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Superintendent Jason McCandless said DESE cited the district for not providing enough school days.

Pittsfield Schools to End 'Welcoming Day' For Grades 6 & 9

By Andy McKeeveriBerkshires Staff
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PITTSFIELD, Mass. — The long-standing tradition of "welcome days" is coming to an end in the schools after the state cited the district for not providing enough class time for students.
The Department of Elementary and Secondary Education performed a coordinated program review last year and found that the practice of bringing incoming sixth-graders and ninth-graders in a day earlier to get acclimated to their new schools meant that the other students were falling short of the required 180 days of learning. 
"This is indeed a violation of our student's civil rights," Superintendent Jason McCandless said of the citation.
The superintendent said the district fought the citation and that many other districts in the state do a similar program but ultimately it has to cut that opening day from the calendar. McCandless said the welcoming day served as a great way to help students learn their way around a new school.
"We see that as a fairly substantive change to the way we open schools," McCandless said.
Additionally, McCandless said the report cited the high schools for not providing seniors with enough days. Seniors need to be in school 170 days and are traditionally let out earlier than other grades.
But in a recent year there were six snow days, which the seniors don't need to make up, and thus fell short on the number of days. He again said a number of districts in the state have the same policy yet the DESE report called on Pittsfield to fix the shortfall.
"There was no recommendation or order back saying this is what you have to do about this. It was, 'it is a problem, fix it,'" McCandless said.
School Committee member William Cameron said he's always disagreed with the seniors being let out early. In New York State, testing takes the seniors all the way to the end of the year, he said, and Massachusetts could fix the issue by simply requiring all students to be in school for the same amount of time.
But he is disappointed that the city will lose the welcoming days. He urged McCandless to attempt to reach a memorandum of agreement with the unions to have some staff members work one extra day to continue the tradition.
"This idea of having the incoming underclass students have the building to themselves initially is a great way to have them overcome apprehension," Cameron said.
In other business, McCandless reported that a new attendance policy will be presented to the committee in a few weeks. The district has been revamping the policy in an effort to combat chronic absenteeism in a better way.
McCandless said the previous policy was too dependent on "sticks" and didn't provide "carrots." He said the new policy includes a bit of both.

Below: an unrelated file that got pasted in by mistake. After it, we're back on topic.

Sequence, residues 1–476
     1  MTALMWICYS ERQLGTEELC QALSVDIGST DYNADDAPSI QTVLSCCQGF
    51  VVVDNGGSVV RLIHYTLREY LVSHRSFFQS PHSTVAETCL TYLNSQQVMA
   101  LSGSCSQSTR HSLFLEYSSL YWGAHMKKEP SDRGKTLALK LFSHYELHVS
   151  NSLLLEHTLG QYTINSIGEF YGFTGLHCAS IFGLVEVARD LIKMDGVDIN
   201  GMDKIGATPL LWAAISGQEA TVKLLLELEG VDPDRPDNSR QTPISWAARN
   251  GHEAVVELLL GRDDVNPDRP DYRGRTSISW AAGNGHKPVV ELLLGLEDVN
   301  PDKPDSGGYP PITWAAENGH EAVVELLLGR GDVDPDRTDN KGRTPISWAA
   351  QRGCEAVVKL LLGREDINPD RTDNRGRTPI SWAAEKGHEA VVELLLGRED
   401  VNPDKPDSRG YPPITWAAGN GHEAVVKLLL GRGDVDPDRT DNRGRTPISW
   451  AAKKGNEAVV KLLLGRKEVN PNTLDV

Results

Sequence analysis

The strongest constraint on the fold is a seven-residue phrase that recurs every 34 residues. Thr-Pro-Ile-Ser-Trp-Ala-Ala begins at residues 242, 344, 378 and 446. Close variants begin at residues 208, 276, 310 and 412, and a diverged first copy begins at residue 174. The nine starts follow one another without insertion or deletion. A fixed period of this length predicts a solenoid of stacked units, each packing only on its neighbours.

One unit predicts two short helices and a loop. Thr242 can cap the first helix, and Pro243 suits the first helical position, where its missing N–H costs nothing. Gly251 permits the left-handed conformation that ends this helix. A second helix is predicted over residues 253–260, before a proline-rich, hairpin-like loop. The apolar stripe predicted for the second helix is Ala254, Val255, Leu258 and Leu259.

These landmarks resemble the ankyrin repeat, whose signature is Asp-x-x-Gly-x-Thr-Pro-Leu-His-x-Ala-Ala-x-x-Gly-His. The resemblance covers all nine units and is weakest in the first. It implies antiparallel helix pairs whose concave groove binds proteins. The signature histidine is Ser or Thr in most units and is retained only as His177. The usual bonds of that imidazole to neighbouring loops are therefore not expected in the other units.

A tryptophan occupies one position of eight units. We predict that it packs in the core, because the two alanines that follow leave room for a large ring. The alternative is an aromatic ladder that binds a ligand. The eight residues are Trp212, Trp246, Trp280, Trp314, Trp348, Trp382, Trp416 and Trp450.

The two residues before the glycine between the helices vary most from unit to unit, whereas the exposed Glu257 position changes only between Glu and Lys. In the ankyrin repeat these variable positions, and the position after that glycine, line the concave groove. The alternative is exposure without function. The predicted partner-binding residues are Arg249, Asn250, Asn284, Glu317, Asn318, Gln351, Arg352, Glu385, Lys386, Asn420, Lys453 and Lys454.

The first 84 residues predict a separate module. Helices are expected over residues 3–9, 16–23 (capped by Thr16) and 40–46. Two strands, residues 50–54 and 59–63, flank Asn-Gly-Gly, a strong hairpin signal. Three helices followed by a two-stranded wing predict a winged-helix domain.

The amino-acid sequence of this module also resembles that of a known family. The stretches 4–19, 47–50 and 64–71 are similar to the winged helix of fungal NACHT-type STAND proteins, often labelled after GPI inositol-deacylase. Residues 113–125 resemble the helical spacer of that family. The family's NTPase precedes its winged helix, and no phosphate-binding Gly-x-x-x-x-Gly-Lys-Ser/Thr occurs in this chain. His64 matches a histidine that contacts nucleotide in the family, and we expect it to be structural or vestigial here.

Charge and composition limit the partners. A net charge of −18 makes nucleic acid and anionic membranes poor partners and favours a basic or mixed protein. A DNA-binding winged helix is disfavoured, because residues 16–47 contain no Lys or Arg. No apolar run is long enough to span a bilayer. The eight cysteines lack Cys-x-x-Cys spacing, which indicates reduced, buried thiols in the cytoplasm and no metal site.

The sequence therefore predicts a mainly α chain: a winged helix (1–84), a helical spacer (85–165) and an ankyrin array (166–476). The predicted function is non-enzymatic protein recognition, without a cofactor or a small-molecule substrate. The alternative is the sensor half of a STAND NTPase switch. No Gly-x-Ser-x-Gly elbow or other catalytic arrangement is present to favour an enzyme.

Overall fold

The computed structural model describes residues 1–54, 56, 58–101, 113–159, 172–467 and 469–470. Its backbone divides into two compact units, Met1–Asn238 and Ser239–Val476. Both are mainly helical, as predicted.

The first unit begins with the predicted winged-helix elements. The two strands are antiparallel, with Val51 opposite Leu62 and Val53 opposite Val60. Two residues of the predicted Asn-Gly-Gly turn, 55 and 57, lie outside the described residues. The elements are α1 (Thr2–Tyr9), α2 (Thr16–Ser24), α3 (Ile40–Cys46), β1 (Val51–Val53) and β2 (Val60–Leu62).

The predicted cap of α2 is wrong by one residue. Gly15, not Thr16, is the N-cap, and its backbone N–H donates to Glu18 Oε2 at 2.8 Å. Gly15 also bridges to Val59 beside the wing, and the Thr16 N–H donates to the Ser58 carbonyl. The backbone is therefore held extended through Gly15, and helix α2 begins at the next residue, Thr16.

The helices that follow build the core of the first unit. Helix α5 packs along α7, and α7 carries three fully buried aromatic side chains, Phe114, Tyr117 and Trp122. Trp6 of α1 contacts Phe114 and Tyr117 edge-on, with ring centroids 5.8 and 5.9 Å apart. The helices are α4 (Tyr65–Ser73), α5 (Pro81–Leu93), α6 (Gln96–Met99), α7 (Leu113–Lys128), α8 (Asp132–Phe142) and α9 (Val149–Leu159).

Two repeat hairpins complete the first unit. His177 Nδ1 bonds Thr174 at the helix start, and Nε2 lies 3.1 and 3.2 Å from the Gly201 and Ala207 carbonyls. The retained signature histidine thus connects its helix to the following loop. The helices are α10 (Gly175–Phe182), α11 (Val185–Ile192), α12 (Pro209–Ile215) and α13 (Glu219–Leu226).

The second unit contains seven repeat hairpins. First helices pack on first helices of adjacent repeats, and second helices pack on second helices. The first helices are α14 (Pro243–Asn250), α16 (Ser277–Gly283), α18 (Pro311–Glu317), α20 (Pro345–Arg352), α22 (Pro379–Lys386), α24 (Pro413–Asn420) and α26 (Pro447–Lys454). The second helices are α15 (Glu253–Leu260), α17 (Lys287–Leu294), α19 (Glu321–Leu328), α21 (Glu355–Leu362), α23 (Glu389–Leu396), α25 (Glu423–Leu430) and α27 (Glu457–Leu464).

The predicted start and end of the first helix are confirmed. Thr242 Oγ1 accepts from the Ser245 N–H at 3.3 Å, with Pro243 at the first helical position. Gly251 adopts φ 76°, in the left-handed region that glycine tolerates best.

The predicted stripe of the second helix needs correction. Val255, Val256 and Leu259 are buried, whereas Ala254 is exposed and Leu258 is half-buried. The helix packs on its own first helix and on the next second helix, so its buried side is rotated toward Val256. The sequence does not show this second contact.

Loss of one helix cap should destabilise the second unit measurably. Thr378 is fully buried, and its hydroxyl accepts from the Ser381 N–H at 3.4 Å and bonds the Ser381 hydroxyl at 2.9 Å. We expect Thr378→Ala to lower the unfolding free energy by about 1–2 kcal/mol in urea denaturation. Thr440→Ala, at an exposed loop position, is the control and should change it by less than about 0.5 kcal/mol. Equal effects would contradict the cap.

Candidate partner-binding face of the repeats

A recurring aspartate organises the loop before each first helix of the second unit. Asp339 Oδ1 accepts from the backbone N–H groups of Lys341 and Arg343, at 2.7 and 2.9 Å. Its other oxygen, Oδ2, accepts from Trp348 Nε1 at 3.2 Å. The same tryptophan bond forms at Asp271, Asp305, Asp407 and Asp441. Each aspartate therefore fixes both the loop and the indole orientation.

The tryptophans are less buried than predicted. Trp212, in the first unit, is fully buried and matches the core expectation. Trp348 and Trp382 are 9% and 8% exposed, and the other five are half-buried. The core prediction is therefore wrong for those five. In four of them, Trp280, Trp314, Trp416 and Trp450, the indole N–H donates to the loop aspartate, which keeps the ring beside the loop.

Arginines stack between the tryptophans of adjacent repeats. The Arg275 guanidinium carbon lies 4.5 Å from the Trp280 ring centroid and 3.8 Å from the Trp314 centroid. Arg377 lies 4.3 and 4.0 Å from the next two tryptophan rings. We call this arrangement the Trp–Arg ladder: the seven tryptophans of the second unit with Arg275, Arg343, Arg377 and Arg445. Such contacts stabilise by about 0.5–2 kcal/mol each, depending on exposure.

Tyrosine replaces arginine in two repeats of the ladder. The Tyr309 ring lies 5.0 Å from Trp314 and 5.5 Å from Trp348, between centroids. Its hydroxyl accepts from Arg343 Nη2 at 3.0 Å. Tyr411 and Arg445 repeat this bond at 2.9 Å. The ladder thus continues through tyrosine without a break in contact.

The superintendent also reported that he is currently in the process of developing an African-American studies course. McCandless said the district had such a course in existence in the past but it hasn't been taught recently. He said he is developing the curriculum alongside others who have taught the course and will be looking to identify an instructor and money for class material.
Curriculum Director Judy Rush also presented on a new educator program the district is rolling out to help new teachers adjust. The program includes orientation, assigning mentors, providing the required 50 hours of mentoring, and time to observe other teachers. 
Health Director Gina Armstrong also invited the School Committee to a meeting next Tuesday at 7 p.m. at City Hall regarding the environmental test results for Hill 78 and Building 71. The tests assess the level of dangerous pollution left behind by General Electric. Armstrong said the results have not shown concern.
After cheering the early reports of a significant increase in state education aid, McCandless said the increase isn't exactly as it seems. The superintendent said there will be a number of requirements, tied to certain populations, attached to the money. The city is projected to see $3.7 million more in Chapter 70 funding.
"Their vision for this was that this money comes with strings attach," McCandless said.

Tags: back to school,   orientation,   Pittsfield Public Schools,   

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Pittsfield City Council Says Goodbye to Outgoing Members

By Jack GuerinoiBerkshires Staff
PITTSFIELD, Mass. — The City Council held its last meeting of 2019 on Tuesday and said goodbye to four members who will not be returning in 2020.
Before the closing of the meeting, Council President Peter Marchetti thanked Ward 5 Councilor Donna Todd Rivers, Ward 6 Councilor John Krol, Ward 7 Councilor Anthony Simonelli, and Councilor at Large Melissa Mazzeo for their service and presented them with a plaque.
"I wish the four of you good luck in your future endeavors," he said.  
Marchetti gave each council member a moment to say a few words and Krol, who was elected in 2009,  took time to thank his family and constituents. 
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